The Yellow Wallpaper

The Yellow Wallpaper

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Charlotte Perkins Gilman's The Yellow Wallpaper is a short story that deals with many different issues that woman in the 19th century had to deal with on a daily basis. Some of these issues were within their control, but many of them were outside of the realm of control for women. The main point that I will focus on is how restricted societal roles can cause insanity. I will do this by deciphering the meaning of the "yellow wallpaper" and its symbolism. In my opinion, I believe that once we get a better understanding of the author's interest in this subject area and get a feel for life in the 19th century, then we will have a better understanding of the story.

First, let's take a look at the background of Gilman before and after she wrote The Yellow Wallpaper. Gilman lived during the late 19th and early 20th centuries and she definitely had her fair share of troubles. Her biggest struggle in life was living within the constraints of a society that put women in a class apart from everyone else; when in her heart she felt that she was an equal counterpart to men. She suffered depression from this problem for many years, until finally she was seem by a world-famous neurologist, Dr. Weir Mitchell, who simply prescribed her with rest. This "rest period" sent her into an even deeper state of depression, which she didn't come out of until she tried to resume her normal life, along with joining the American Woman Suffrage Association as a writer and active participant. Unfortunately, Gilman's life got so bad that her condition got worse and she fell to the insanity level, eventually causing her to commit suicide with chloroform.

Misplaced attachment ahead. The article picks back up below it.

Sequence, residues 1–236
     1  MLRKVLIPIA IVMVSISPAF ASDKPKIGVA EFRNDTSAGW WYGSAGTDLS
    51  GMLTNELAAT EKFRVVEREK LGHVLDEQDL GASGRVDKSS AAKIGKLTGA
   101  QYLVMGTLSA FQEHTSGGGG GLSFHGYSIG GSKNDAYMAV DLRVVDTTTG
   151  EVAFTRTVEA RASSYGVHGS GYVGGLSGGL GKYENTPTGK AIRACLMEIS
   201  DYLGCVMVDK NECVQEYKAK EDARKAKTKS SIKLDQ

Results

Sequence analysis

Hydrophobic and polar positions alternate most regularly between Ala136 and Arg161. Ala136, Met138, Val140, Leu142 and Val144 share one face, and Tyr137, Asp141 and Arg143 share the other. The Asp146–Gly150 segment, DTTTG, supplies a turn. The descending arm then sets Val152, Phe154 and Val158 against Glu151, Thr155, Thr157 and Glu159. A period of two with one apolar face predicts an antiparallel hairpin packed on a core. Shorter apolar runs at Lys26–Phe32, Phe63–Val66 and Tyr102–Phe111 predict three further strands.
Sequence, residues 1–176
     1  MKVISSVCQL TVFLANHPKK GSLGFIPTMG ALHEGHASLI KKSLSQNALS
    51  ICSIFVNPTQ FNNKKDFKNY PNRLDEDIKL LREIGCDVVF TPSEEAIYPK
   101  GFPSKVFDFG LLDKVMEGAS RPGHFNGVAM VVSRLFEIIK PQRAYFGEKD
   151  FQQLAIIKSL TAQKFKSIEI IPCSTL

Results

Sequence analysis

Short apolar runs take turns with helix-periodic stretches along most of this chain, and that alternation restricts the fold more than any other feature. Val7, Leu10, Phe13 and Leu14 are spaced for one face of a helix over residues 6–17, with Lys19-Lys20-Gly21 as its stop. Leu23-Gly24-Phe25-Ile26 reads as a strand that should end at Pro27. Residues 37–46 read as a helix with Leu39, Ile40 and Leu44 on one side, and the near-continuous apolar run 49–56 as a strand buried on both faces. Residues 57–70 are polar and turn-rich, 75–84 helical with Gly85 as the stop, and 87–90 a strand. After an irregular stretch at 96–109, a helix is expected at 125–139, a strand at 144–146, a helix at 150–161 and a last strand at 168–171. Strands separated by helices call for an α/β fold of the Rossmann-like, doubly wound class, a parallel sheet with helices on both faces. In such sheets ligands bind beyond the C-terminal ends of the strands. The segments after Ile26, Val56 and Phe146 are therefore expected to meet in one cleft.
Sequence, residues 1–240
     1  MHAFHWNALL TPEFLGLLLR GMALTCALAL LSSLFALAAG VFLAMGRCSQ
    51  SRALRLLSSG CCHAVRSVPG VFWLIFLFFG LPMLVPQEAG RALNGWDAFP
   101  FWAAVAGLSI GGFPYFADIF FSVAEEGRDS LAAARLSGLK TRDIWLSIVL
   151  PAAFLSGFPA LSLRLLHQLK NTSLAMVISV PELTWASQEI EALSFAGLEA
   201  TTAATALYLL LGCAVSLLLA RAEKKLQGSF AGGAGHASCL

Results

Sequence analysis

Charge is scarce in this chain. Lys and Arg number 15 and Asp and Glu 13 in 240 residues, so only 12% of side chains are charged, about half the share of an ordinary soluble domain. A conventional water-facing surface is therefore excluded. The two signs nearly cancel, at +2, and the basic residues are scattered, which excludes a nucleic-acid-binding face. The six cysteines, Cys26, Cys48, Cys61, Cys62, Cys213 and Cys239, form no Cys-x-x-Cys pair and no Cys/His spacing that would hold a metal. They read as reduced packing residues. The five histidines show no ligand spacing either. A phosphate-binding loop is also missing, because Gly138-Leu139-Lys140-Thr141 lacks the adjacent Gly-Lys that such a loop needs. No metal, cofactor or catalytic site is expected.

Now that we have a little background on the author, we can take a closer look at the actual work and its characters. The two main characters of the story a narrator and her husband, John, and the story takes place in the 19th century. Life for the two is like most other marriages in this time frame, only the narrator is not like most other wives. She has this inner desire to be free from the societal roles that confine her and to focus on her writing, while John in content with his life and thinks that his wife overreacts to everything. Traditionally, in this era, the man was responsible for taking care of the woman both financially and emotionally, while the woman was solely responsible for remaining at home. This w...


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...John comes home and finds the door locked. He begs her to open it and she tells him "The key is down by the front door under a plantain leaf!" (Gilman 669) When he comes back and opens the door, he sees her ripping the rest of the paper off the wall, with the rope tied around her and he faints. This is when John realizes that his wife has reached the point of hysteria and is insane. But, the narrator sees it differently. She declares that she is now free by saying: "I've got out at last,..in spite of you and Jane! And I've pulled off most of the paper, so you can't put me back!" (Gilman 669)

The one theme that I pulled out of The Yellow Wallpaper only cracks the surface of understanding this story. The wallpaper was used by Gilman as a medium to expose the constraints that were placed upon women in the 19th century. The same constraints that she utterly despised and tried so hard to get rid of them. The narrator's overexposure to the wallpaper was just like Gilman's overexposure to societal roles. They both needed to get out in order to keep their minds intact. Eventually they both did, but it took a long time and a big toll on their mental health and psyche.

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